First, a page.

Authors: Jonathan Sheff
John F. Kennedy School of Government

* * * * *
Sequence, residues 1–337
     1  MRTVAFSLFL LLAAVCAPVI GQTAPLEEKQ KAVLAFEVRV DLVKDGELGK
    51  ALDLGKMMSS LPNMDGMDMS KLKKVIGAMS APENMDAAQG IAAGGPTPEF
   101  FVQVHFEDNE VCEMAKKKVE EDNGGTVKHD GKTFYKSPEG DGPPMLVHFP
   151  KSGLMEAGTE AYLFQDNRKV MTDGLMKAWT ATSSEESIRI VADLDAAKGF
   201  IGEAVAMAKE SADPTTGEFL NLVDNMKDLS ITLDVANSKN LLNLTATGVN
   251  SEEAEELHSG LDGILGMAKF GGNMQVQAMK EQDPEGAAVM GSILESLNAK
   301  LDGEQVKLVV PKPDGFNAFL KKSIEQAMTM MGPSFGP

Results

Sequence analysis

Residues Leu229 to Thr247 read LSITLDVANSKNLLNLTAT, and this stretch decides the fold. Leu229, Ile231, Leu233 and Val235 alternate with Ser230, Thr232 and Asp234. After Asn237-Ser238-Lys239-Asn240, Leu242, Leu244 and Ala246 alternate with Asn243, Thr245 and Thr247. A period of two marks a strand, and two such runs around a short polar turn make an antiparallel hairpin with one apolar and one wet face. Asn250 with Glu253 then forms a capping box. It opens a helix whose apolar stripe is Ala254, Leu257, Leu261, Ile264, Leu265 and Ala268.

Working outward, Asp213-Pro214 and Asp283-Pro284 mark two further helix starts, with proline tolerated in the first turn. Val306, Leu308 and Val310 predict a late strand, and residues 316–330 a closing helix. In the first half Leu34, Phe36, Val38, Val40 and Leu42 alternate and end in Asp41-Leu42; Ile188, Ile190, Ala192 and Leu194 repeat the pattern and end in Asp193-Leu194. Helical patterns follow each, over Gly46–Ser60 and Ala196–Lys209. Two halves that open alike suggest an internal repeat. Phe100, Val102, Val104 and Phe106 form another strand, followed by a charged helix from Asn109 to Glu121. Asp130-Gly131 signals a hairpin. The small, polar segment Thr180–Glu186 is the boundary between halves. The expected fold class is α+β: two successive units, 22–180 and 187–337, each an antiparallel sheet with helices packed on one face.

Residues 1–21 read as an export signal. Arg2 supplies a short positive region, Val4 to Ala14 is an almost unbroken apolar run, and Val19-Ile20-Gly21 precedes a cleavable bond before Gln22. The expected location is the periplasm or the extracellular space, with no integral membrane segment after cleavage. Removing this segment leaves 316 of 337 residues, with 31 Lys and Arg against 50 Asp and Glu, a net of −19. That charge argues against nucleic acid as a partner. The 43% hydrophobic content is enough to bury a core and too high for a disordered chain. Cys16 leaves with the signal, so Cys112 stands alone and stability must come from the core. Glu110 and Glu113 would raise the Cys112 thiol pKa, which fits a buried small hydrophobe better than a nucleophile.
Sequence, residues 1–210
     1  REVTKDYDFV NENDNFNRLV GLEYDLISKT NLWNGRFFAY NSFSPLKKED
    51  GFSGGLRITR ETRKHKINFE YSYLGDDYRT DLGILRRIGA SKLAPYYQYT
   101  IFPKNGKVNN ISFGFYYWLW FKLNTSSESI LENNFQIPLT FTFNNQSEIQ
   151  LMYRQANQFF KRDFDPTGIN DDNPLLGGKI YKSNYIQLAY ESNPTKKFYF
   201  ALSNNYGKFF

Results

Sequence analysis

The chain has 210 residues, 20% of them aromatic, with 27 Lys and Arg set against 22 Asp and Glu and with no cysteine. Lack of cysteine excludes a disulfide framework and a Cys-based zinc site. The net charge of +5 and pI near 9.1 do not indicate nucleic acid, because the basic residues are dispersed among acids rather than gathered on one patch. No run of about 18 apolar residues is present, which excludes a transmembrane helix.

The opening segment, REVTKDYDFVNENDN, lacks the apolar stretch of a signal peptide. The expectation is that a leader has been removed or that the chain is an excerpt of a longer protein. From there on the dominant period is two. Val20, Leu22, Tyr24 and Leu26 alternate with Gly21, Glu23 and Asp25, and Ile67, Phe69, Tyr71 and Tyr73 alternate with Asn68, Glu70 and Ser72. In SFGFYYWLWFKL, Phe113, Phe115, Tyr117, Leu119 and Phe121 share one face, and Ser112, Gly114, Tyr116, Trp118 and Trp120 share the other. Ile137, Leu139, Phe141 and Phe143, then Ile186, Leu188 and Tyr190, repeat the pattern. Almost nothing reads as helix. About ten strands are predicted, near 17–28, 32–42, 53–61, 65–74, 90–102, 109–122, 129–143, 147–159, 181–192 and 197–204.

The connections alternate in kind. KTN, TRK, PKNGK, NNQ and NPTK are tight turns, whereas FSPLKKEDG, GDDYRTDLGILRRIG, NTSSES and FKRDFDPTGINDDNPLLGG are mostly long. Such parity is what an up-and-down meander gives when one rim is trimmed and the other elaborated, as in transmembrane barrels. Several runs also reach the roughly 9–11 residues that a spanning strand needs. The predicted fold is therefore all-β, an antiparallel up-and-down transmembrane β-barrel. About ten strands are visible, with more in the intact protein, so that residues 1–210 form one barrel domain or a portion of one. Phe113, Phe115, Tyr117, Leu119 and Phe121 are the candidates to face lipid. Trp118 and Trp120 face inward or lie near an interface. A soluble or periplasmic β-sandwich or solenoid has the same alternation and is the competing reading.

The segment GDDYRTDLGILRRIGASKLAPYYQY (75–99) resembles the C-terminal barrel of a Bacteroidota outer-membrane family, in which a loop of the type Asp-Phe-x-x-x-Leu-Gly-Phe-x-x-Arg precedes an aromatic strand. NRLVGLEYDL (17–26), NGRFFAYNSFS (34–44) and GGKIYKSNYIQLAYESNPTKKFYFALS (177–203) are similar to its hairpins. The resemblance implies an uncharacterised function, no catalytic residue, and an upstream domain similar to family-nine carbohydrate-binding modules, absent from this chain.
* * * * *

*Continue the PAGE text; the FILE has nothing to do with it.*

For much of the last 54 years since the signing of the Universal Declaration of Human Rights (UDHR), the right to food languished in relative international obscurity. Little attention was paid to the potential value of a rights-based approach to food security. This neglect was reversed dramatically in 1996, with the first World Food Summit (WFS) organized by the UN Food and Agriculture Organization (FAO). Largely by chance, the right to food found its way onto the Summit agenda. It ultimately became a central focus of international debate, the most contentious issue in negotiations leading up to the final draft of the Summit declaration. In the short six years since this commitment was adopted, progress has been considerable. Most significantly, this WFS commitment led to the establishment of General Comment 12 (adopted by the Committee on Economic, Social and Cultural Rights in 1999), which outlines the duties and obligations of states with respect to implementation of the right to food. General Comment 12 now stands as the most authoritative interpretation of the right to food.
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